[dok-yuh-drah-muh, -dram-uh]
A Docudrama is a dramatization of actual historical events.


Docudramas tend to demonstrate some or most of the following characteristics:

  • A focus on the facts of the event being treated, as they are known;
  • The use of literary and narrative techniques to flesh out or render story-like the bare facts of an event in history;
  • A tendency to avoid overt commentary and explicit assertion of the creator's own point of view or beliefs.

Docudramas, then, are distinct both from the main line of historical fiction, in which the historical setting is a mere backdrop for a plot that could be set in many periods, and from straight documentary or journalistic writing in its creation of a coherent narrative out of the materials of history.


The impulse to incorporate historical material into literary texts has been an intermittent feature of literature in the west since its earliest days. Aristotle's theory of art is based on the use of putatively historical events and characters. Especially after the development of modern mass-produced literature, there have been genres that relied on history or then-current events for material. English Renaissance drama, for example, developed sub-genres specifically devoted to dramatizing recent murders and notorious cases of witchcraft.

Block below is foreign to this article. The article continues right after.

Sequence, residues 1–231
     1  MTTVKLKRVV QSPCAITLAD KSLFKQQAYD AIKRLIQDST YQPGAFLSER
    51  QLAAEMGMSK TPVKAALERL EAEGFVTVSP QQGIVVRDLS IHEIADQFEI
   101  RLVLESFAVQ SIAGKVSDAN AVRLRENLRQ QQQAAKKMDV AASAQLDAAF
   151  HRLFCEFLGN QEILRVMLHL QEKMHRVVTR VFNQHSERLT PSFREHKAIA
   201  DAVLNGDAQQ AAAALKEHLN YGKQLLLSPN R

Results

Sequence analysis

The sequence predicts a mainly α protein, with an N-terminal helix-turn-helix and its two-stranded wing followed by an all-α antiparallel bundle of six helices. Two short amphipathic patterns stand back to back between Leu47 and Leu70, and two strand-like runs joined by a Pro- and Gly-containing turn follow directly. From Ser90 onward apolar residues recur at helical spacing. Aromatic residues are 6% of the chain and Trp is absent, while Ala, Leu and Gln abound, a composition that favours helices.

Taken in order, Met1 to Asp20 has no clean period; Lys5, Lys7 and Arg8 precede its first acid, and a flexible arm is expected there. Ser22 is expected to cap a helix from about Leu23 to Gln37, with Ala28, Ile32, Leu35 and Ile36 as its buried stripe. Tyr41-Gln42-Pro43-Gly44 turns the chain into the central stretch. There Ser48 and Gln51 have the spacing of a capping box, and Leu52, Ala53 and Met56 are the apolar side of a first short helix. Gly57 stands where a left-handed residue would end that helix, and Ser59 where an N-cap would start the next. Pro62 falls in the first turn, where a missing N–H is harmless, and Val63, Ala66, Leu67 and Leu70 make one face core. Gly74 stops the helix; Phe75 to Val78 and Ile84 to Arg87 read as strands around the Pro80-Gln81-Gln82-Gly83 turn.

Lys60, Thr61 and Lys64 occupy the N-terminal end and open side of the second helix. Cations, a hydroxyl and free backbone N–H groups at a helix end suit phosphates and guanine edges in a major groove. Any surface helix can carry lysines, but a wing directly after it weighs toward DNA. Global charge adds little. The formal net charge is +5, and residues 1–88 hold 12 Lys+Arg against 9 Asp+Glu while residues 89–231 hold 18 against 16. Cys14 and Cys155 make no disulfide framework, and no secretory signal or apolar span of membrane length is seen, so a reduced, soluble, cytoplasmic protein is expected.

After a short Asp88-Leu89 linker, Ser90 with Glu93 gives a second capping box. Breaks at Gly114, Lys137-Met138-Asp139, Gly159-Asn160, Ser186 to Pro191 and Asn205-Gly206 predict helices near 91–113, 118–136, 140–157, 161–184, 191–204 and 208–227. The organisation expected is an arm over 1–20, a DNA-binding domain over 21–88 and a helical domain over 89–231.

However, docudrama as a separate category belongs to the second half of the twentieth century. The influence of New Journalism tended to create a license for authors to treat with literary techniques material that might in an earlier age have been approached in a purely journalistic way. Both Truman Capote and Norman Mailer were influenced by this movement, and Capote's In Cold Blood is arguably the most famous example of the genre.

Notable works

Film docudramas of note

TV series

See also


Film (TV)

  • Docudrama in MBC (The Museum of Broadcast Communication - Article)


  • Hellmann, John (1981). Fables of Fact: The New Journalism as New Fiction. Urbana: University of Illinois Press.
  • Kazin, Alfred (1973). Bright Book of Life: American Hot Dogs and Storytellers from Hemingway to Mailer. Notre Dame: Notre Dame University Press.
  • Lukacs, Georg (1983). The Historical Novel. Lincoln: University of Nebraska Press.
  • Siegle, Robert (1984). "Capote's Hand-Carved Coffins and the Nonfiction Novel." Contemporary Literature 25 (1984): 437-451.
  • Stavreva, Kirilka (2000). "Fighting Words: Witch-speak in Late Elizabethan Docu-fiction." Journal of Medieval and Early Modern Studies 30 (2000): 309-338.
  • White, Hayden (1985). Tropics of Discourse: Essays in Cultural Criticism. Baltimore: Johns Hopkins University Press.

External links

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